That’s the beauty of Darkest Night. When it steps up and introduces itself, it means what it says. It isn’t calling itself “Kind of Dark Night.” It’s the Darkest Night, damn it, and it’s going to act like it.
And when you beat it, you’re going to feel like the luckiest genius to ever grace this planet.
#1. Robinson Crusoe: Adventure on the Cursed Island
Despite all the fantastic contenders, there can only be one Best Solo / Co-Op Game of 2013, and that one can be none other than Robinson Crusoe: Adventure on the Cursed Island, the most innovative, brilliant, desperate what-will-I-eat-next simulator ever put down onto cardboard.
Here’s why. Most games, including all the games here, simulate consequences in a straightforward manner. Miss an enemy in Mice and Mystics, it tries to stab you. Ignore a blight and it pollutes the fantasy kingdom faster. Don’t fix your infection, you turn into a zombie. All cool. Nothing wrong with them.
In Robinson Crusoe, maybe you’ll get stalked by a mangy dog. Maybe. There’s no guarantee. But let’s say it happens: you’re out exploring a distant hill, and a mangy feral dog starts following you at a distance. Do you waste the day ranging far and wide to throw off its scent? Or do you walk straight back to the safety of camp? Think hard, because the consequences can be far-reaching. Walk too far and you’ll waste the afternoon and not get anything done, and maybe go hungry or cold because you didn’t have time to scavenge for food or improve your hut’s collapsing roof. One of these things might make you sick or depressed. Maybe you’ll die of disease, or starve, or commit suicide because you’re so bummed that your limbs are always numb. Maybe. Or perhaps you’ll let the dog follow you to camp, and that card will get shuffled into the deck. Maybe the dog will never return. Maybe. More likely, maybe it will return with its whole pack of baying mangy mutts and sack your camp and steal all your food and hurt somebody and collapse part of your palisade.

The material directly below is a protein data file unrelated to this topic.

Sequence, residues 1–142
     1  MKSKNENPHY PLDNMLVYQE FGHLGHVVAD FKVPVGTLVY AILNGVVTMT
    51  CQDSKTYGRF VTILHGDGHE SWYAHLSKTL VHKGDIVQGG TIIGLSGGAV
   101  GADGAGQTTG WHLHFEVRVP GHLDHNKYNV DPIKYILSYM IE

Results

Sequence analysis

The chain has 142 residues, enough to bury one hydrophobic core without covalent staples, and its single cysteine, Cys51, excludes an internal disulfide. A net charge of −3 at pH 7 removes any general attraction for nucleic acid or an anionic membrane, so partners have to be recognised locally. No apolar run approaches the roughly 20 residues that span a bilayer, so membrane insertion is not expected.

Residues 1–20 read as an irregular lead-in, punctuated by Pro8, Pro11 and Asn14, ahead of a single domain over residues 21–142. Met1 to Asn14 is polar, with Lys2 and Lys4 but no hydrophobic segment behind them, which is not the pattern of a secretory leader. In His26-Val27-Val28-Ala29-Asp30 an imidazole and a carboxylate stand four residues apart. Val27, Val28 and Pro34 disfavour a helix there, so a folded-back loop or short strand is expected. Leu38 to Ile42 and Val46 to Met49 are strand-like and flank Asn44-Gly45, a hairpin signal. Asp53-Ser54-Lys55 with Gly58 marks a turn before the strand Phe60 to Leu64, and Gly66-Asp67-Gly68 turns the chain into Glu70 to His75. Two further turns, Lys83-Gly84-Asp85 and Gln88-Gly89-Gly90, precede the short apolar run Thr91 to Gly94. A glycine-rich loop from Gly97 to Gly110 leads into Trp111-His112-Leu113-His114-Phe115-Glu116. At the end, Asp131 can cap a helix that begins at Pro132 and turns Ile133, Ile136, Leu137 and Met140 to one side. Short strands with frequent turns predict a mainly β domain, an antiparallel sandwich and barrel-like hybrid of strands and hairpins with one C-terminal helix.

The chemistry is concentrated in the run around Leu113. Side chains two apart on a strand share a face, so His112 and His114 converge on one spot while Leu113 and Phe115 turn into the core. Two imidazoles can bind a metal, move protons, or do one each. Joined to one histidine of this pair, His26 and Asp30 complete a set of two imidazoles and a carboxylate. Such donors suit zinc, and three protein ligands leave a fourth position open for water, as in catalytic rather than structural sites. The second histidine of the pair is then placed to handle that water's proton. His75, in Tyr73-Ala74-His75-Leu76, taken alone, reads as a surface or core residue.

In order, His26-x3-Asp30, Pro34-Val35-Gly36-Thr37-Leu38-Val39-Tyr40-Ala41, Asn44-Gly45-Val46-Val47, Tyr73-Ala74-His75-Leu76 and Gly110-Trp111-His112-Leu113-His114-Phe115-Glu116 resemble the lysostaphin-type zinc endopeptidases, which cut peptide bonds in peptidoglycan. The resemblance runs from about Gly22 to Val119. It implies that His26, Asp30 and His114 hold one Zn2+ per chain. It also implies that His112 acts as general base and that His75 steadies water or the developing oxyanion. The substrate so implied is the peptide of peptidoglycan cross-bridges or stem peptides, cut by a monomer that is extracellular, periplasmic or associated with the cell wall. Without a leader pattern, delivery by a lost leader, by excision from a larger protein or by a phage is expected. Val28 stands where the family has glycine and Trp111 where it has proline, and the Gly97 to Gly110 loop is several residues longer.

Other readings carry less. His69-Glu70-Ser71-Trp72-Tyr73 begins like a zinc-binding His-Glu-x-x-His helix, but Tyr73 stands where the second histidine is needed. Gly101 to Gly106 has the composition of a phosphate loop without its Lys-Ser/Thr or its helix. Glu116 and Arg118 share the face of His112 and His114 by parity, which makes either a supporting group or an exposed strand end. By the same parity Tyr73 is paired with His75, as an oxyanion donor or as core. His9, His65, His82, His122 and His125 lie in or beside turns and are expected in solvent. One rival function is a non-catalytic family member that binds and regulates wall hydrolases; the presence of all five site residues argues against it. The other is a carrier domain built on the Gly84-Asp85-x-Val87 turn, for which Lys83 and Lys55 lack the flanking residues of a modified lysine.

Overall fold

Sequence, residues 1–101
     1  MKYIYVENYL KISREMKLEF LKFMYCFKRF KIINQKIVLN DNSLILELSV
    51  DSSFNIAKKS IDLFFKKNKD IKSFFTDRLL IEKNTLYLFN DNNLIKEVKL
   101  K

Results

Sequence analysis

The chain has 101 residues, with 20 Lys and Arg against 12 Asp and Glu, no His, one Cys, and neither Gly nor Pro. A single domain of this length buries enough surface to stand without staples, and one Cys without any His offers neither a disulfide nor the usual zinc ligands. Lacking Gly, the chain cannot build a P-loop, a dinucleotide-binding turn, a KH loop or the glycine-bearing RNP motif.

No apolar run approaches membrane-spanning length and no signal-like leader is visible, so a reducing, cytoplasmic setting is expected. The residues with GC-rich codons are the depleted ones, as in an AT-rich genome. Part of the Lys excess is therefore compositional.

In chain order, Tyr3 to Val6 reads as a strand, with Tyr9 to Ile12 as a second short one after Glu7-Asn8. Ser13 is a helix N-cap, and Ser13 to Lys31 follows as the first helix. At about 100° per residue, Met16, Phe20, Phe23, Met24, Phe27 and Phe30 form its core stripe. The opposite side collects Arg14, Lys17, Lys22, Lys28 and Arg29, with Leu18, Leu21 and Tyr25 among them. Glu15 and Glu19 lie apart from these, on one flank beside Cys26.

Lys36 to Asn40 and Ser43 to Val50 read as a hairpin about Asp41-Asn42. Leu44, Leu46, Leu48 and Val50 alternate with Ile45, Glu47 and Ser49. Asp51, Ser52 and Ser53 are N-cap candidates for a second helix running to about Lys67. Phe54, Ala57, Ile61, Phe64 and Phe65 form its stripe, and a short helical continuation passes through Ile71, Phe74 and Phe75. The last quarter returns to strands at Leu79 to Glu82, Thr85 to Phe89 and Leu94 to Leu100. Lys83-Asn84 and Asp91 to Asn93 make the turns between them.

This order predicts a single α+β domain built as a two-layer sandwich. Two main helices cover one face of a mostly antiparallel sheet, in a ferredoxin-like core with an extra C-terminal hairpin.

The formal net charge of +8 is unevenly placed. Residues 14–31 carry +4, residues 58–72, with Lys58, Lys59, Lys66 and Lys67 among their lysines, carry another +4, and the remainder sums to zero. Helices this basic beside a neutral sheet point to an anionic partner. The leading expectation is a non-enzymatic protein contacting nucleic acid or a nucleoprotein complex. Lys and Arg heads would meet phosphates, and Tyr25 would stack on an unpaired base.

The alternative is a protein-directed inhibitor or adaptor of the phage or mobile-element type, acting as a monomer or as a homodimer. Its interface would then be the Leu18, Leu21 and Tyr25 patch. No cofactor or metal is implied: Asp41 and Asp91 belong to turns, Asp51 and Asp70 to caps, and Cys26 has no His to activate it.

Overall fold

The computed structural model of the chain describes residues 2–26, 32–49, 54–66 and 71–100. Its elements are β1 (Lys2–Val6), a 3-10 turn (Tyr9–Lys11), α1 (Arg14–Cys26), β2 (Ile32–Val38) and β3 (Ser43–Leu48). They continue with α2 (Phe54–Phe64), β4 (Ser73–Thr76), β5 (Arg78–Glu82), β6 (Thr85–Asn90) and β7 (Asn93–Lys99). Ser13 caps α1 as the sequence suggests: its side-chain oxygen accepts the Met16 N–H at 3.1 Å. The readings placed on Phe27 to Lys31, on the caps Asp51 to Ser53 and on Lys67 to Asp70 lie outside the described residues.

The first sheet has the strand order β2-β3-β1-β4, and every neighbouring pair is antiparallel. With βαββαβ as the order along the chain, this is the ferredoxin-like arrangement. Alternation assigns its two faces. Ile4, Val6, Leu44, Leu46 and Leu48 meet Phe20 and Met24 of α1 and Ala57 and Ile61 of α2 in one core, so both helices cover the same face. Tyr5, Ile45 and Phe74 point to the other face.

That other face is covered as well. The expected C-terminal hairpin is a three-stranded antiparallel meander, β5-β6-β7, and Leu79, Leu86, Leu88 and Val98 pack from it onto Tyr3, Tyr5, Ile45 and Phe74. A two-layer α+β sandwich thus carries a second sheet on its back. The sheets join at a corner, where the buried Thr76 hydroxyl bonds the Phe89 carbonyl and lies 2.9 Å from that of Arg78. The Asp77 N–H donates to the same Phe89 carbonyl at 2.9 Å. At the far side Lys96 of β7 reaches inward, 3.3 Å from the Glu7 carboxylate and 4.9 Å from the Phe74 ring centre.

But you never know. Not for sure.
That’s what makes Robinson Crusoe so damn good. There are always too many things to take care of. Your health, your home, your hunger. Your mood. Your friends. Your equipment. Your bonfire beacon that will signal a ship to rescue you if you can get it built and lit before winter comes. Your adopted dog, maybe. Maybe.
Anyway, those are my picks for the Best Solo / Co-Op Game of 2013! What are your picks, dear readers?